Internal Medicine

Considering that Chinese medicine has been involved with promoting health and treating disease for over 2000 years, it is not surprising that it has accumulated a large body of knowledge on the use of herbs to promote health and reduce the impacts of aging, commonly known as deficiency (Xu) patterns.

In this regard, it is important to note that the discipline of Internal Medicine provides two contributions–

1) suggestions for personalized food intakes and nutrition, and

2) on the use of specific herbal preparations with medicinal functions for an individual.


Research and related articles on Chinese herbs in internal medicine



Chinese Herbs and Osteoporosis

There is increasing interest in the use of natural ( i.e., herbal)  products to increase bone density and to reduce fractures, especially among the elderly.  Herbal products are safer and can be used as part of a long-term strategy, having fewer adverse side effects, if used properly.

Since bone, is formally linked to the Kidney (Ki)  organ-network, many Chinese herbal formulations include Ki tonifying herbs.  Blood tonics and heat clearing , e.g., yin nourishing,  herbs may also be used in these formulations.

The bisphosphonates,  a common class of western drugs used to treat osteoporosis, are known to have adverse effects– on the GI system, causing conditions like erosion of the esophagus, gastritis, and inflammation, and on the skeletal system, causing conditions like  osteonecrosis of the jaw.

Since there is increasing concern about herb-drug interactions, herbal preparations may be sidelined since few herbal-medical practitioners, including those in China, have the ability to combine both herbal and synthetic drug combinations in a safe and efficacious manner.

However, herbal preparations can be used in the early phases of a bone protective therapeutic regimen in combination with specially designed exercises and can be expected to be both effective and safer, with few adverse side effects.


Here are a few recent reports on this subject.

Medicinal Herbs in the Prevention and Treatment of Osteoporosis

Chenrui Li, Qiang Li, Ruijun Liu, Yinbo Niu, Yalei Pan, Yuankun Zhai, Qibing Mei
The American Journal of Chinese Medicine, Vol. 42, No. 1, 1–22 (2014).

Chinese Herbal Medicine for Osteoporosis: A Systematic Review
of Randomized Controlled Trails

Zhi-qian Wang, Jin-long Li, Yue-li Sun, Min Yao, Jie Gao, Zhu Yang, Qi Shi, Xue-jun Cui, and Yong-jun Wang
Evidence-Based Complementary and Alternative Medicine (2013).
Click here for access.

An innovative herbal product for the prevention of osteoporosis.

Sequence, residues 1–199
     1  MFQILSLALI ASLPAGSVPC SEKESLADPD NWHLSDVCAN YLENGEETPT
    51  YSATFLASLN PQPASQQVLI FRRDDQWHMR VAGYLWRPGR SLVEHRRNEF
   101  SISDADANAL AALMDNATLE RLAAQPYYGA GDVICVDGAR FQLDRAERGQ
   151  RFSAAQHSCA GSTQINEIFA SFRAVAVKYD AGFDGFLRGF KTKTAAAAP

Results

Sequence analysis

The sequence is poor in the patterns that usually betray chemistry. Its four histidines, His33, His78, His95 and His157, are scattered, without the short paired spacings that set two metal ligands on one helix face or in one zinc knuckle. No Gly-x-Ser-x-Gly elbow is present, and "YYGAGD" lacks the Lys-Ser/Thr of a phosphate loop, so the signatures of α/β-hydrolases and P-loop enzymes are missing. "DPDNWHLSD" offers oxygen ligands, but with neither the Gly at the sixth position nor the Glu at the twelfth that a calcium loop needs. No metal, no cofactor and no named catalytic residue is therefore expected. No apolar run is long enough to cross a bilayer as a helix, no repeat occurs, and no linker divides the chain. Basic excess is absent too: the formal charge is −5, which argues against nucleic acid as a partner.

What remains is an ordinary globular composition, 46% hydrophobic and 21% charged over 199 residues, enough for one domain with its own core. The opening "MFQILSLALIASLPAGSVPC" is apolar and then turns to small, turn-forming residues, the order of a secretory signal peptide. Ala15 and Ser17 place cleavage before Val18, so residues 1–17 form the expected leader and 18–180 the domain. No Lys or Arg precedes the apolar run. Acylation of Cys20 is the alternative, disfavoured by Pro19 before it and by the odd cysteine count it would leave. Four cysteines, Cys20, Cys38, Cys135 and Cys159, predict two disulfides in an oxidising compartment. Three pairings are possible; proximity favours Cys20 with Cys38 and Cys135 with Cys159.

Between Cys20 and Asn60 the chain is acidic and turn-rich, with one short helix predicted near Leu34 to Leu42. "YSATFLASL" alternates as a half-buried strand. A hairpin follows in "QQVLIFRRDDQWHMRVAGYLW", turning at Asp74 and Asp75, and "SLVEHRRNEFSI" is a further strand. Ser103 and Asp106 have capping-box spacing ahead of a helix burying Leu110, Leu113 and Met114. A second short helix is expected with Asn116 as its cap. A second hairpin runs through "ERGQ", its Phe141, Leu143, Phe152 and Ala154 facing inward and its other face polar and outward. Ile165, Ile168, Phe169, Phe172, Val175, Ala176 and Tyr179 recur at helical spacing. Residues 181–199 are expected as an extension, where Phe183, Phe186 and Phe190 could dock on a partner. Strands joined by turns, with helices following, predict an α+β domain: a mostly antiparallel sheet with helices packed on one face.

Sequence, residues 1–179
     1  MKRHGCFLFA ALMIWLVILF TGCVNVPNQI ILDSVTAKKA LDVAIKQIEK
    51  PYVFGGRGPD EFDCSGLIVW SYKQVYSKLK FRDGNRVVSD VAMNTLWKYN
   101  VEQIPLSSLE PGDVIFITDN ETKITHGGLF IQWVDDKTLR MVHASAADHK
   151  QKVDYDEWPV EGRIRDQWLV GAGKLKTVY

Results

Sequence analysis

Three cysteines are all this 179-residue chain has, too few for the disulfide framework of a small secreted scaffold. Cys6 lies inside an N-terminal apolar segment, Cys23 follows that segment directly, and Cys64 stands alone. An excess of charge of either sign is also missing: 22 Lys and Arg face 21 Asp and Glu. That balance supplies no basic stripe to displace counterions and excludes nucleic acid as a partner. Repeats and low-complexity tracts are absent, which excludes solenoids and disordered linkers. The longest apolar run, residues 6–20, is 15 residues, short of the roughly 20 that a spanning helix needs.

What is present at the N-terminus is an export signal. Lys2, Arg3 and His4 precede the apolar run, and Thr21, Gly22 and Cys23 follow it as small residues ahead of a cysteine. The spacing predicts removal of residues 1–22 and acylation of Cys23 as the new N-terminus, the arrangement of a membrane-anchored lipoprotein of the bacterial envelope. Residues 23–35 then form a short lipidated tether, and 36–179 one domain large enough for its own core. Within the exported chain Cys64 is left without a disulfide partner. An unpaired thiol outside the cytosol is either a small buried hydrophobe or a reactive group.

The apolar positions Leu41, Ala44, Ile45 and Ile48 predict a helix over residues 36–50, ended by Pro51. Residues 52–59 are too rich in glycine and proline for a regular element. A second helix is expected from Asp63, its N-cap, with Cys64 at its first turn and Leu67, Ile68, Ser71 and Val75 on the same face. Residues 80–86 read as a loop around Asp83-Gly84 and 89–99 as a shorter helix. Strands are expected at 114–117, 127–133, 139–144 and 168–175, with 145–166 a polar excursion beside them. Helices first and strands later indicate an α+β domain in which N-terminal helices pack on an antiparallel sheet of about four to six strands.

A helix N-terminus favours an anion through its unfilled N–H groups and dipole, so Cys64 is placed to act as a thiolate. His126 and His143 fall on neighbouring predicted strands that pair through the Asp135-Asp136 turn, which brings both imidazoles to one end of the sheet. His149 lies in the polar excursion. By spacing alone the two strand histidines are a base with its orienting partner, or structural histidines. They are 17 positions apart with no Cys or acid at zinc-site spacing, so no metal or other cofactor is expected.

P. C. Leung, K. F. Cheng, and Y. H. Chan
Chinese Journal of Integrative Medicine, vol. 17, no. 10, pp. 744–749 (2011).


Chinese Herbs and Chronic Kidney Disease (CKD)

It is nice to see that MEDSCAPE is reviewing mainstream journal articles for the application of Chinese herbs to treat widespread life threatening conditions like CKD.

Therapeutic Use of Traditional Chinese Herbal Medications for Chronic Kidney Diseases

Yifei Zhong, Yueyi Deng, Yiping Chen, Peter Y. Chuang, John Cijiang He

Kidney Int. 2013;84(6):1108-1118. OPEN ACCESS

Traditional Chinese herbal medications (TCHMs) are frequently used in conjunction with western pharmacotherapy for treatment of chronic kidney diseases (CKD) in China and many other Asian countries. The practice of traditional Chinese medicine is guided by cumulative empiric experience. Recent in vitro and animal studies have confirmed the biological activity and therapeutic effects of several TCHMs in CKD.


The therapeutic principles of TCM for CKD include ‘replenishing vital energy and nourishing blood,’ ‘clearing heat and eliminating dampness,’ and ‘coordinating Yin and Yang in the body.’  Hundreds of herbs used in prescriptions of a single herb, decoctions of multiple herbs, or patent medicines have been used to treat patients with CKD. These prescriptions have effects including promotion of diuresis, reduction of proteinuria, and improvement of renal function.


Chinese Herbs & Diabetes

Chinese Herbs Reduce Progression to Diabetes by a Third



A combination of 10 Chinese medicinal herbs in a capsule, known as Tianqi, reduced progression to type 2 diabetes in people with impaired glucose tolerance (IGT) in a randomized controlled trial in China.

This is the first study to show that a Chinese herbal medicine can “reduce the progression of prediabetes to diabetes,” says study author Chun-Su Yuan, MD, PhD, from the Tang Center for Herbal Medicine Research at the University of Chicago, Illinois. Tianqi “could provide a new option for diabetes management, using herbal medicine alone or as an adjuvant to currently used therapies,” he noted.